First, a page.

In 1920, H.L. Mencken (1880-1956) was becoming one of the more well-known journalists and authors in America.

And apparently, like many Americans today, he was disappointed with the choices being offered to the American public in that year’s presidential election. 

In article published on July 26, 1920, titled “Bayard vs. Lionheart,” Mencken lamented about the severe limitations of both the Republican candidate Warren Harding and the Democrat candidate James Cox. (Harding eventually won in a landslide over Cox and the Socialist Party candidate Eugene Debs.) 

He wrote:

“Neither candidate reveals the slightest dignity of conviction. Neither cares a hoot for any discernible principle. Neither, in any intelligible sense, is a man of honor.” 

As Mencken opined, the unsuitability of these presidential candidates was a natural result of the growth of democracy and mob rule in America: 

“When a candidate for public office faces the voters he does not face men of sense; he faces a mob of men whose chief distinguishing mark is the fact that they are quite incapable of weighing ideas, or even of comprehending any save the most elemental–men whose whole thinking is done in terms of emotion, and whose dominant emotion is dread of what they cannot understand. So confronted, the candidate must either bark with the pack, or count himself lost.”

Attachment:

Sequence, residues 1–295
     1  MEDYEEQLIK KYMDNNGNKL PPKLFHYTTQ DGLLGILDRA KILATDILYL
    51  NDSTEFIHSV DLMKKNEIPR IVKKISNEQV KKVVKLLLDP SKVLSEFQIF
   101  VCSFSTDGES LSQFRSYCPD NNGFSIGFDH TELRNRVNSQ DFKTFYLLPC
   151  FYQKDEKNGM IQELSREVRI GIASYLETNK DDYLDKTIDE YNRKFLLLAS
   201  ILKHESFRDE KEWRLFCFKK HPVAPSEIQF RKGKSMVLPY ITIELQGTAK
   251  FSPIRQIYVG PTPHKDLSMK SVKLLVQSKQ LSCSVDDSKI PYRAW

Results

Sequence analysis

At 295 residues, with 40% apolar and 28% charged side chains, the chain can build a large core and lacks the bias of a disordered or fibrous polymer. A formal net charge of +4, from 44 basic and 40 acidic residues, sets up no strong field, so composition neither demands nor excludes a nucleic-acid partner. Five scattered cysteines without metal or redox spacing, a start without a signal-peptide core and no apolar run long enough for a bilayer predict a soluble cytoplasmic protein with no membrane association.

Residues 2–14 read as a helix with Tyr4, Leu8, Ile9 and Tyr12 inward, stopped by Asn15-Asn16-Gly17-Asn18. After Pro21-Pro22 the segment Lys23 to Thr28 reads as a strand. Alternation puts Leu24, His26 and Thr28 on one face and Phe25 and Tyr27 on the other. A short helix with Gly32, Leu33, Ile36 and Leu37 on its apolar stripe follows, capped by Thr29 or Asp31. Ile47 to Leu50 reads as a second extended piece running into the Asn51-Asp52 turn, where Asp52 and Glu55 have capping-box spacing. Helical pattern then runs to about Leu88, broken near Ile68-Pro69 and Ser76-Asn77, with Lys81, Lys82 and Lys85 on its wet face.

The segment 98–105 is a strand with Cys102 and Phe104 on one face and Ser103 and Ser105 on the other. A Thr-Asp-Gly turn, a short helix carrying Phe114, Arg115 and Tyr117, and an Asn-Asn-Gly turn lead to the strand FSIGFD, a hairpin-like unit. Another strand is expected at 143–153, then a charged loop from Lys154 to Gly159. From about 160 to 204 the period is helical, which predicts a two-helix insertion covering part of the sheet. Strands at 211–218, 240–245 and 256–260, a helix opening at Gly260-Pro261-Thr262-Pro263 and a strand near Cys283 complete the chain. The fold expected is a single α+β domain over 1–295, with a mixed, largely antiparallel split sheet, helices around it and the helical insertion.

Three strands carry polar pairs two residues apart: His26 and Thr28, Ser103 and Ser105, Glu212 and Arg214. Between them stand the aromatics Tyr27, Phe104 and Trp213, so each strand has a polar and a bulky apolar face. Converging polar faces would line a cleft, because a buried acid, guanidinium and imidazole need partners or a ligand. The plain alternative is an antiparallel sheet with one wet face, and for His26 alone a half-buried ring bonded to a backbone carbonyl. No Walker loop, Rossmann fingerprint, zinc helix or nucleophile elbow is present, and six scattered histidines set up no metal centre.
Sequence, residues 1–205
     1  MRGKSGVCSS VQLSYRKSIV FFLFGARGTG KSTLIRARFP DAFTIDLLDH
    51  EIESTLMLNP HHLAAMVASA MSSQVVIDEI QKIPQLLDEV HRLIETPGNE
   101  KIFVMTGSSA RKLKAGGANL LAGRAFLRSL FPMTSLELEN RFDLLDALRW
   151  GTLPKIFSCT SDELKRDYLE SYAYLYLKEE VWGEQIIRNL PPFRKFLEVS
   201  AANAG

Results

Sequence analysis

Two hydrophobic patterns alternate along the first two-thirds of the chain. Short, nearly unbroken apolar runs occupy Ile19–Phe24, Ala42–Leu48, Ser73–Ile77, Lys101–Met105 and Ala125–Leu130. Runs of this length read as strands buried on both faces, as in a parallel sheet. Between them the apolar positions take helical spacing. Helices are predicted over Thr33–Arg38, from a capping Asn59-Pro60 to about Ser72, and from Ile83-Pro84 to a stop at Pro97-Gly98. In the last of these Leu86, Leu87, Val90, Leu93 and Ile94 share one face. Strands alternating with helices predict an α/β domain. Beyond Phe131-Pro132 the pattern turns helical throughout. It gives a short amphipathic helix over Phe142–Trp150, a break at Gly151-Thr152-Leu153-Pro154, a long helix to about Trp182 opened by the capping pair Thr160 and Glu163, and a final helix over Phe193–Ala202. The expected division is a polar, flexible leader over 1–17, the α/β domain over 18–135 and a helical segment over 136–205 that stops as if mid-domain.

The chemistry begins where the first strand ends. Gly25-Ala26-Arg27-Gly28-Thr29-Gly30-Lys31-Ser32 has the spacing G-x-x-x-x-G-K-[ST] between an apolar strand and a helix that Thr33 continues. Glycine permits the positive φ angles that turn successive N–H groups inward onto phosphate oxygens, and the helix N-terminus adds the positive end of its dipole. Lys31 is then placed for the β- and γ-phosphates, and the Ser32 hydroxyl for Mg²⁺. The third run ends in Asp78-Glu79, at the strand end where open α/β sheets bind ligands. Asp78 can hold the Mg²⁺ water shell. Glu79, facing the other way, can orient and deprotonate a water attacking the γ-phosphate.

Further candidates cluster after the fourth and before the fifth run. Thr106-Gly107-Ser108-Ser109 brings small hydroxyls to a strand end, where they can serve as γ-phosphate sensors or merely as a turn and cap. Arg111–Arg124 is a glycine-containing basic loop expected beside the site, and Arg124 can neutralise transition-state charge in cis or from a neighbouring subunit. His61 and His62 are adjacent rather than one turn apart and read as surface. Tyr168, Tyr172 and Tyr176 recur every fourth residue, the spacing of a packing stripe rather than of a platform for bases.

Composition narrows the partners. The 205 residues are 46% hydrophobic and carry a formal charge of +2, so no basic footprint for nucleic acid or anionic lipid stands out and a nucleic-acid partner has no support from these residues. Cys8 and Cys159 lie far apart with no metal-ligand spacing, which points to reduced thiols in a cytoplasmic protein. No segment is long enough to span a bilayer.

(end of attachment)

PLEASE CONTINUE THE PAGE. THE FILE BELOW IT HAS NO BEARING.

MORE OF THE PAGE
Moreover, he held that this negative consequence of democracy was especially manifest in elections at the national level:   

“The larger the mob, the harder the test. In small areas, before small electorates, a first-rate man occasionally fights his way through, carrying even the mob with him by the force of his personality. But when the field is nationwide, and the fight must be waged chiefly at second and third hand, and the force of personality cannot so readily make itself felt, then all the odds are on the man who is, intrinsically, the most devious and mediocre–the man who can most adeptly disperse the notion that his mind is a virtual vacuum. 

The Presidency tends, year by year, to go to such men. As democracy is perfected, the office represents, more and more closely, the inner soul of the people. We move toward a lofty ideal. On some great and glorious day the plain folks of the land will reach their heart’s desire at last, and the White House will be adorned by a downright moron.”